The masterminds behind Tulsa Beyond want to take advantage of a state law that would provide better statutory and regulatory freedom for the four involved high schools.
Design teams have spent months building the foundation for the ambitious Tulsa Public Schools project, which seeks to redesign its high schools to better prepare students for a rapidly changing future.
The best way to accomplish that goal is by waiving certain laws and rules that dictate how schools operate, said Aspasia Carlson, director of high school design for TPS.
That’s why the Tulsa Beyond schools — Webster, Hale, McLain and Tulsa Learning Academy — are preparing to apply for empowered school zone status through the Empowered Schools and School Districts Act.
The statute allows public schools that obtain empowered status from the Oklahoma State Board of Education to waive portions of state law, giving them the same flexibility afforded to charter schools.
Before TPS hired her to lead the Tulsa Beyond initiative, Carlson served as the principal of John Marshall Mid-High School in Oklahoma City Public Schools for eight years. She also was named the 2017-18 principal of the year.
Carlson’s time there led to her becoming dissatisfied with the statutory restrictions for school districts.
“I have come into several situations where we’re challenged with what we think is best for students versus what the law allows us to do,” she said. “... This waiver really allows us to update how we’re teaching students, what we’re teaching students and give them a voice in the choices that they have for their education.”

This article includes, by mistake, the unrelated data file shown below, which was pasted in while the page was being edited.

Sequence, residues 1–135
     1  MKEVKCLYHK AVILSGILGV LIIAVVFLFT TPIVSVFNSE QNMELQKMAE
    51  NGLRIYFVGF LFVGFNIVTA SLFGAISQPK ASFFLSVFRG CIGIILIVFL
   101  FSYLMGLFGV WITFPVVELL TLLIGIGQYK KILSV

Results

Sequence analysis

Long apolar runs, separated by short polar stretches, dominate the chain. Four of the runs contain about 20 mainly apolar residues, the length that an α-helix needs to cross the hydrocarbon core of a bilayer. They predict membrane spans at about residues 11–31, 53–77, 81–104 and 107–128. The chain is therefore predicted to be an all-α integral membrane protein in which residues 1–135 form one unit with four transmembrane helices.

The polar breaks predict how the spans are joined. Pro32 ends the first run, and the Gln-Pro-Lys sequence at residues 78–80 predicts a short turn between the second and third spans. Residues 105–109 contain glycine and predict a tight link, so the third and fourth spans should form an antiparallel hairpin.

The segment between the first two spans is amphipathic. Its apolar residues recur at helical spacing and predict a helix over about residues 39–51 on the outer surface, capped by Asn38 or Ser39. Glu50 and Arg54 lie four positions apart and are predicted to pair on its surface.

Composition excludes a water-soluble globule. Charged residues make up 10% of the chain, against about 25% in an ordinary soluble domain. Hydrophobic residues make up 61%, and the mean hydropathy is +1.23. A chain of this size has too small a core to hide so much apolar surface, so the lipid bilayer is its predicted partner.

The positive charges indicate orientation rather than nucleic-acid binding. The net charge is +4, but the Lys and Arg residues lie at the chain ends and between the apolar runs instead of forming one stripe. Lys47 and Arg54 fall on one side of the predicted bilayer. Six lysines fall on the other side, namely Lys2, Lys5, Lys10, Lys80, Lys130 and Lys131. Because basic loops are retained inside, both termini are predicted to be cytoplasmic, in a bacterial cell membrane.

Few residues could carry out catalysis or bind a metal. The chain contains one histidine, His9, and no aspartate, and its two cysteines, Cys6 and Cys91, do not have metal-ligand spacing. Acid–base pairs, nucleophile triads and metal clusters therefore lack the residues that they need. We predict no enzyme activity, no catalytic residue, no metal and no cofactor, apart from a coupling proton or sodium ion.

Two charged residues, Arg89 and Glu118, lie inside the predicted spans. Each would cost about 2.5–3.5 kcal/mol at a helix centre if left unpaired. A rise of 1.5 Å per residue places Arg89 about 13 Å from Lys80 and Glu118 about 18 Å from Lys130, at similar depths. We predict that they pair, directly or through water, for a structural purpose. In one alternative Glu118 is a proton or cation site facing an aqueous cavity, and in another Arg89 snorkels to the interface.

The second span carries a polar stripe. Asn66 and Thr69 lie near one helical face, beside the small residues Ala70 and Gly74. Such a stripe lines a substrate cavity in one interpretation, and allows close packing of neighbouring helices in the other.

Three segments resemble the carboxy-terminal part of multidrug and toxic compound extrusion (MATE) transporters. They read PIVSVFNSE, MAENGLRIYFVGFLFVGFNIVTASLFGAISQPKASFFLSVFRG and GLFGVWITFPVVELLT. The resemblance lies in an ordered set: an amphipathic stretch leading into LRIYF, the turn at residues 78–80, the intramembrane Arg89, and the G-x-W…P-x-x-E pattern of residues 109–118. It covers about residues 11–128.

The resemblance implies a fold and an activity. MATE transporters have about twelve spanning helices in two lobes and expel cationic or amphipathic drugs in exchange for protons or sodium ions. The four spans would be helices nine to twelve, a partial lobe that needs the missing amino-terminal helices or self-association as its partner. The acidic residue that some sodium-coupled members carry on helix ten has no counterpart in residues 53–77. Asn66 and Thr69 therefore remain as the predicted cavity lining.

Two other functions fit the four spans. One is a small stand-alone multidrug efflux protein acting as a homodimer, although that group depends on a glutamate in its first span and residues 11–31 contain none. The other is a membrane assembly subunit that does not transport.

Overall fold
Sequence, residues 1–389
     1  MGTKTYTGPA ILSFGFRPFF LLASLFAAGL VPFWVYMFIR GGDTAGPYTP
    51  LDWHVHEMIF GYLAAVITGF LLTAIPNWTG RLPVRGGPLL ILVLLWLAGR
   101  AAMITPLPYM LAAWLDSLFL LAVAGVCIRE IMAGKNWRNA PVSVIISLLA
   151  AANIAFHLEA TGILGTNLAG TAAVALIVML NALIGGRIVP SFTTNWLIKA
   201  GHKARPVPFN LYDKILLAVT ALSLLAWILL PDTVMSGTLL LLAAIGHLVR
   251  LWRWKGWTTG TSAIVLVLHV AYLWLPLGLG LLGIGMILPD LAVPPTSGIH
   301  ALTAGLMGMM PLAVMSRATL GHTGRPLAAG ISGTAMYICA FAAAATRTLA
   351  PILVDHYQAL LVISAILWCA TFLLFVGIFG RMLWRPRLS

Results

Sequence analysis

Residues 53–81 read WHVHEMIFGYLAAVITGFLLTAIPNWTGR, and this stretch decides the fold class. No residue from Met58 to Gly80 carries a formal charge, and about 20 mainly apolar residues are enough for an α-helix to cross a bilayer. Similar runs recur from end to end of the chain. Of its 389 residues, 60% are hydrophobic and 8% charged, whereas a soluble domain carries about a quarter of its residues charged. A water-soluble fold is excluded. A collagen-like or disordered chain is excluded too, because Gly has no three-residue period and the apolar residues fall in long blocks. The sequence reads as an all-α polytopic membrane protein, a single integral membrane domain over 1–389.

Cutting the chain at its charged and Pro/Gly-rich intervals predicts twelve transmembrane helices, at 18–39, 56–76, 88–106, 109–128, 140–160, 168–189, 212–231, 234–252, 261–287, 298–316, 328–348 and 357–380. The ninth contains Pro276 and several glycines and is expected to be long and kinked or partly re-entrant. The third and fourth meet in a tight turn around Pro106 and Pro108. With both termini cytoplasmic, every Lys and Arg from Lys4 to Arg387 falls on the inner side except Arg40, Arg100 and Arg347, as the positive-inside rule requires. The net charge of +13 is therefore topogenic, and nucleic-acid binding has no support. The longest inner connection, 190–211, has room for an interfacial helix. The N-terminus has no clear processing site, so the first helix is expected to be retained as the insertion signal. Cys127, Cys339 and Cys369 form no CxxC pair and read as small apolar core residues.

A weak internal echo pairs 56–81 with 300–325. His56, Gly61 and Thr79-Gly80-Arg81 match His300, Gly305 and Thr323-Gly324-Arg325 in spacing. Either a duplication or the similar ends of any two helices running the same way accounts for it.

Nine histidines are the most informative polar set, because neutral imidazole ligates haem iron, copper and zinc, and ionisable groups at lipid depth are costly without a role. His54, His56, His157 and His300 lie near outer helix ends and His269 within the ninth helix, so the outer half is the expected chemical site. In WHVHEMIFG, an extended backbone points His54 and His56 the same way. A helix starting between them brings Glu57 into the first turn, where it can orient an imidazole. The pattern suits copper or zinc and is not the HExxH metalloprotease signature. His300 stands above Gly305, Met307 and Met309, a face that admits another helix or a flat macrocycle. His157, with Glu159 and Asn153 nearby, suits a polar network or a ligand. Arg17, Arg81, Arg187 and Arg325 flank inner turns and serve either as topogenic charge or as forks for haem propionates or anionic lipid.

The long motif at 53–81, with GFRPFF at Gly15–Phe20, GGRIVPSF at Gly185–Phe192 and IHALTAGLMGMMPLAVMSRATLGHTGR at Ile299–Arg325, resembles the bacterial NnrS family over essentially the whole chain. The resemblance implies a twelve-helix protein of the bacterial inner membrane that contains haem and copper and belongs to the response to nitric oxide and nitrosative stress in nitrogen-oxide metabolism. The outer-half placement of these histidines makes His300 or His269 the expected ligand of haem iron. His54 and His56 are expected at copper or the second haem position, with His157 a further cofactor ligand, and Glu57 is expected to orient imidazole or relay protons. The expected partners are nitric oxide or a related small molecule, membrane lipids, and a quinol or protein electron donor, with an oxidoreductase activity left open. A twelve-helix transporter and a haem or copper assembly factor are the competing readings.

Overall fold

Tulsa Beyond’s organizers sifted through 1,400 pages of state law for schools and selected three topics where they believed seeking flexibility would most benefit students.
The first topic is attendance. If their application is approved, the four high schools would be able to offer students opportunities to receive credit for going to school during weekends, breaks and evenings.
The second topic involves graduation requirements. Empowered status would allow schools to reorganize content and classes to increase relevance and create individualized plans for students.
“Where a student may know that they have a certain interest in a career field, they could really focus on that,” Carlson said. “And instead of having some of the requirements that are currently in place for students, they may decide to go and have an internship in lieu of taking (physical education) or something else that really doesn’t address their specific interests.”
The third topic — limiting definitions of place, pace and proportions — focuses on letting students work as fast as they want or as slow as they need. It also could remove limits on time spent outside the classroom and allow real-world learning to count as academic credit.
TPS chief design and innovation officer Andrea Castaneda said the schools would not be required to use the exemptions provided to them. Additionally, the flexibility does not allow for students to stop coming to school or waiving state academic standards.
To qualify for empowered status, schools are required to hold a secret ballot vote of all classroom teachers. Castaneda said each Tulsa Beyond school received at least 90 percent approval from its teachers.
From there, district officials must submit their application to the Tulsa school board. Castaneda said she expects for the application to be completed in the next several weeks.
If board members approve the plan, they’ll send it to the state education board for final approval.
Although TPS would proceed with Tulsa Beyond if the application is rejected, Carlson said its potential would be severely diminished.
“You can design within the constraints of the law,” she said. “You cannot design boldly within the constraints of the law. In order to have forward-thinking future preparedness for the work that is here and coming, these waivers would be critical for our school teams to create something that is innovative and relevant to the future.”
Carlson hopes to launch a pilot cohort at the schools in August for the start of the 2019-20 school year. For example, she said it might be only ninth-graders participating in the Tulsa Beyond model at first.
It will be up to each school to decide how quickly they want to expand to other grades.